Tourists the winners in Berlin’s apartments vs hotels battle

As the tourist inflow into West Berlin continues to register a steady increase, the hospitality industry is involved in an intense battle between registered hotels and unregulated apartments.

With the German capital having become the third most-visited city in Europe, the hotel industry is unhappy about the intense competition from unregulated apartments. West Berlin has for a long time been a favourite haunt of budget-savvy tourist groups. Cheap accommodation and services are much sought after and the industry has responded to cater to this segment. Unregulated vacation apartments are not subject to the expensive safety and standards regulations that hotels have to follow, so they can charge less.

According to available figures, about five million visitors to Berlin last year chose to stay in unregulated, privately rented vacation apartments in preference to registered hotels. The irony is that even though demand for regulated hotels has increased due to the increasing tourist numbers, hotel owners are not able to exploit the demand because of the intense competition from budget services. While small variations in prices often lead to loss of business for registered hotels, investment in the development of vacation-apartments has been increasing. Even though the city passed a law in 2012 to stem the tide, there have been no significant changes since.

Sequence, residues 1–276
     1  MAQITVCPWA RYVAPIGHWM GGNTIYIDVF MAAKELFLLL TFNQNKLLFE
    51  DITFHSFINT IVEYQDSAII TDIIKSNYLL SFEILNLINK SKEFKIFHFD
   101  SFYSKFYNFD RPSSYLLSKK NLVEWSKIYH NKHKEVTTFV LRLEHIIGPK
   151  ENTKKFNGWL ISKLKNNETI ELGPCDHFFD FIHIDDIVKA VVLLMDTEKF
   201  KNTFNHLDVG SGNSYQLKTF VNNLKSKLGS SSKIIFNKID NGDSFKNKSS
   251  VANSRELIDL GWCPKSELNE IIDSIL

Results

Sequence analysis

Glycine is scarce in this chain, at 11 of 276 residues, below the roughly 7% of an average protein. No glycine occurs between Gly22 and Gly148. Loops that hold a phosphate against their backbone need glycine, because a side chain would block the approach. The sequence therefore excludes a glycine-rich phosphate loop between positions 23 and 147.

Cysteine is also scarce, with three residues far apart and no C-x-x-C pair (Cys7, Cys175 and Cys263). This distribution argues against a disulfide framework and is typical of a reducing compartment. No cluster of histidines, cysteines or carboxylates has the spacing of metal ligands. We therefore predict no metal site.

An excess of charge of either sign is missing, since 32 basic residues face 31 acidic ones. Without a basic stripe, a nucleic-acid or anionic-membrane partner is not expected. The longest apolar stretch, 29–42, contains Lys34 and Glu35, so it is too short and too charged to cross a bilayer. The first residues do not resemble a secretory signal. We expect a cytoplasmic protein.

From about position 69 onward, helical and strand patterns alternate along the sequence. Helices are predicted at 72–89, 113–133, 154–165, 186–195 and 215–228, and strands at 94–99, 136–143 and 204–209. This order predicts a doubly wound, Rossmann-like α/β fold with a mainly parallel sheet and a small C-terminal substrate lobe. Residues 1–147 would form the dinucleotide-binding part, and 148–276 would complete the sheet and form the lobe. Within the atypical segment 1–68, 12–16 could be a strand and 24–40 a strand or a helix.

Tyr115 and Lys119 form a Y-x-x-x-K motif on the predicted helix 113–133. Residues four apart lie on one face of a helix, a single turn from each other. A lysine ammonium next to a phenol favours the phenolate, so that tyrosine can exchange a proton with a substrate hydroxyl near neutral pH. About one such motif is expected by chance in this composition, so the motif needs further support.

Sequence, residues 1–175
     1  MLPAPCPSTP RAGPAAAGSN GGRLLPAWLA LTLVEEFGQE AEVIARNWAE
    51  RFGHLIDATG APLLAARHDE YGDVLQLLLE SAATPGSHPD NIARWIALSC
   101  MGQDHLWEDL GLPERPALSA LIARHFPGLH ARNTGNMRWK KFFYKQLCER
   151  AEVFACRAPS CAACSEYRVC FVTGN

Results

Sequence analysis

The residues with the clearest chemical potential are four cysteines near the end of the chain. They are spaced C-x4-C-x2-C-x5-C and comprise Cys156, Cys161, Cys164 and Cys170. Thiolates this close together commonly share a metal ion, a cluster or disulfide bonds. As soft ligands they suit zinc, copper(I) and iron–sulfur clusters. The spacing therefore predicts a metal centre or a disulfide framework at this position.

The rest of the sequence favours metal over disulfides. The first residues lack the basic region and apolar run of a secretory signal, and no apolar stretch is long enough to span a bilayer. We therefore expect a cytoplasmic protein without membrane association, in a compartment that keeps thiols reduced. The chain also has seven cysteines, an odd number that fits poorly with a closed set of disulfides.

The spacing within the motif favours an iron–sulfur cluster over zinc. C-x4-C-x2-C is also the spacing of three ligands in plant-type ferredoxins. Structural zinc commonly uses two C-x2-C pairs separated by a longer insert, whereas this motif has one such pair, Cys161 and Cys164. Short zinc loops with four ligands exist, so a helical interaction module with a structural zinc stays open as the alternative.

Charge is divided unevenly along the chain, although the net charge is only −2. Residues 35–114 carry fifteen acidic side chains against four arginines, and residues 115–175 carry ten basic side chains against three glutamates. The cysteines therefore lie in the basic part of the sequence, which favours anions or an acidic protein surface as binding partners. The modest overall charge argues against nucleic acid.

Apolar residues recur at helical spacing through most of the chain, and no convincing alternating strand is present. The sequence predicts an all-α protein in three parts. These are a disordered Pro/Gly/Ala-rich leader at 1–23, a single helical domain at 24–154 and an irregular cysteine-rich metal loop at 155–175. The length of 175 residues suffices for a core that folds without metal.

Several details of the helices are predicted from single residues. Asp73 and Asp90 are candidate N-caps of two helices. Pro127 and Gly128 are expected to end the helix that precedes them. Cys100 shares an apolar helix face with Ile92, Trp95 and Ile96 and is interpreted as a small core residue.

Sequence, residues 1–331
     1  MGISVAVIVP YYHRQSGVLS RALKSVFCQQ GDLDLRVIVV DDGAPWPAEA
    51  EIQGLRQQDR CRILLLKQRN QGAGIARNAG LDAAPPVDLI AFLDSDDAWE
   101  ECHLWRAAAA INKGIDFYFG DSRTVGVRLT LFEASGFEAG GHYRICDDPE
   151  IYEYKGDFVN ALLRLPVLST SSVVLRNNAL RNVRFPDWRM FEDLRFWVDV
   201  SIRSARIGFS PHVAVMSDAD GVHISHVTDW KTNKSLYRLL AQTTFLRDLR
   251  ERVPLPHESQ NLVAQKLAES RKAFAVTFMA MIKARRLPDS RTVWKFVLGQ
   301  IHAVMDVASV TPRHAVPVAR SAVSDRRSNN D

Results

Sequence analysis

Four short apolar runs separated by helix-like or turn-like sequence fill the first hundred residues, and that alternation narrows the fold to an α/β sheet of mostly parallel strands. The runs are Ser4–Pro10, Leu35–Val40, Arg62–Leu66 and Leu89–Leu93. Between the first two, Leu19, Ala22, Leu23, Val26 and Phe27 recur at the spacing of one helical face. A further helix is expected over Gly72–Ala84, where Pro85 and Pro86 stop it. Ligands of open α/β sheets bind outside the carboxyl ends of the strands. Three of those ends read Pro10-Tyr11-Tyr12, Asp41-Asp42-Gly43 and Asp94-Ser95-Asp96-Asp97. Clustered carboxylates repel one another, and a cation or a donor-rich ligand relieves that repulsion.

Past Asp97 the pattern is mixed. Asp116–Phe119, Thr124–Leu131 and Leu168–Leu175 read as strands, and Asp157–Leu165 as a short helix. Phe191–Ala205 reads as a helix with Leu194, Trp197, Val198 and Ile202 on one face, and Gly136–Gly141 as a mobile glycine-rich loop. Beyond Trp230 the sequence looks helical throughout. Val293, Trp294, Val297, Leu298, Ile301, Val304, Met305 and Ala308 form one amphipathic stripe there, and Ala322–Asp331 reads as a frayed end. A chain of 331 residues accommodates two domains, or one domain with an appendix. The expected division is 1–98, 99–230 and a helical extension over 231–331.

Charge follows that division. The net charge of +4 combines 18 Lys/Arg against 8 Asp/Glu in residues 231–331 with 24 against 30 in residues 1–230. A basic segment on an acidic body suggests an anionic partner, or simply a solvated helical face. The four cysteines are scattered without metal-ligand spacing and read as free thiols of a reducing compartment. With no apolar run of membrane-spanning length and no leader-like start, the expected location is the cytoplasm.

For the average traveller, this is good news, because even though the number of hotels has increased in the region, average room prices have stagnated. An average hotel room in Berlin costs €87.13, a decrease of 4.03 percent from the average price in 2007. Compared to other parts of Europe, hotel rates in Berlin are low.

The hotel industry is now trying to hit back at the apartment owners, by providing services that only those owners had been offering to date. Realising that group activities were a strength of low-cost services, hotels have introduced community kitchens, group travel and social activities that aim to pool costs and help visitors to socialise.